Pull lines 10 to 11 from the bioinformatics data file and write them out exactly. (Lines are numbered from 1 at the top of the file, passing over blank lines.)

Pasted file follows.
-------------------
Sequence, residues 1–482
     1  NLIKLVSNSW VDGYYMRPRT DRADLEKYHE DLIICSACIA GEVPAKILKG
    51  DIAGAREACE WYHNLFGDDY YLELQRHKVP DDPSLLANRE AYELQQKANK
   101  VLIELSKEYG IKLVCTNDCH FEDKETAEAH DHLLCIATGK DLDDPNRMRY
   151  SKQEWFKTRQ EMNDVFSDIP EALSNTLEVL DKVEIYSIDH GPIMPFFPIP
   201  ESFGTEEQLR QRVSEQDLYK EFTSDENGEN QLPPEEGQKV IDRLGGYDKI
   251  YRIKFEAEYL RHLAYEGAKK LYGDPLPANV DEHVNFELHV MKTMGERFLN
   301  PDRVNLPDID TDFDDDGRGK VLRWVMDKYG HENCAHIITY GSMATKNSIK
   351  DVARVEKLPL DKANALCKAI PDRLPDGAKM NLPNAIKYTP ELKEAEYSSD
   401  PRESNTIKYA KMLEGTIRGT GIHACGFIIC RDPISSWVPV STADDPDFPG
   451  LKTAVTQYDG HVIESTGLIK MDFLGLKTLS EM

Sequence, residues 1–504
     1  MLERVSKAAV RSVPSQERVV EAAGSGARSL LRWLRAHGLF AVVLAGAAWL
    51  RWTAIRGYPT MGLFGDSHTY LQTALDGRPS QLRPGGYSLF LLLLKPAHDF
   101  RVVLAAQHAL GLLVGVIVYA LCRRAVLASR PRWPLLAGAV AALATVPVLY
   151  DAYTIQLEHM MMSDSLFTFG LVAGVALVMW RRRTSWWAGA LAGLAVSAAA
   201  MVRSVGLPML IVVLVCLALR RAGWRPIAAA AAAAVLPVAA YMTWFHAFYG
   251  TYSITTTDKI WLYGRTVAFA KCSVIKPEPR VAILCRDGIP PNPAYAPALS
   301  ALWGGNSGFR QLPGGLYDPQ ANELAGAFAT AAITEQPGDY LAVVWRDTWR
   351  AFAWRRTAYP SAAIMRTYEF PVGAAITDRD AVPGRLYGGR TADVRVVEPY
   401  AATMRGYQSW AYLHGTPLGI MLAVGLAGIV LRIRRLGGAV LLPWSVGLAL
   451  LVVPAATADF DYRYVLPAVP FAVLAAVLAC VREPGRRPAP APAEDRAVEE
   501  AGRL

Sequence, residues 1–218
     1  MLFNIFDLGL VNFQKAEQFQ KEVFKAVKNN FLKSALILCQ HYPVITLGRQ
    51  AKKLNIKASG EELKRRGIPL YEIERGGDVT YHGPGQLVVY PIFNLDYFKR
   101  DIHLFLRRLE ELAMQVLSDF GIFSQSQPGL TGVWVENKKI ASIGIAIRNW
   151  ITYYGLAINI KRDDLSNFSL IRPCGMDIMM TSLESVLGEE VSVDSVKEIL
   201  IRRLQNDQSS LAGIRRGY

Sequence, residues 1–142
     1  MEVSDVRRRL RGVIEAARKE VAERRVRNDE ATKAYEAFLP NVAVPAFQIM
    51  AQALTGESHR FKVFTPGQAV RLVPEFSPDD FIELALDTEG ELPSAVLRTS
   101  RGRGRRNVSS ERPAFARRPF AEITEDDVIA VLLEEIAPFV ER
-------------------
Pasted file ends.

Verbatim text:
   401  PRESNTIKYA KMLEGTIRGT GIHACGFIIC RDPISSWVPV STADDPDFPG
   451  LKTAVTQYDG HVIESTGLIK MDFLGLKTLS EM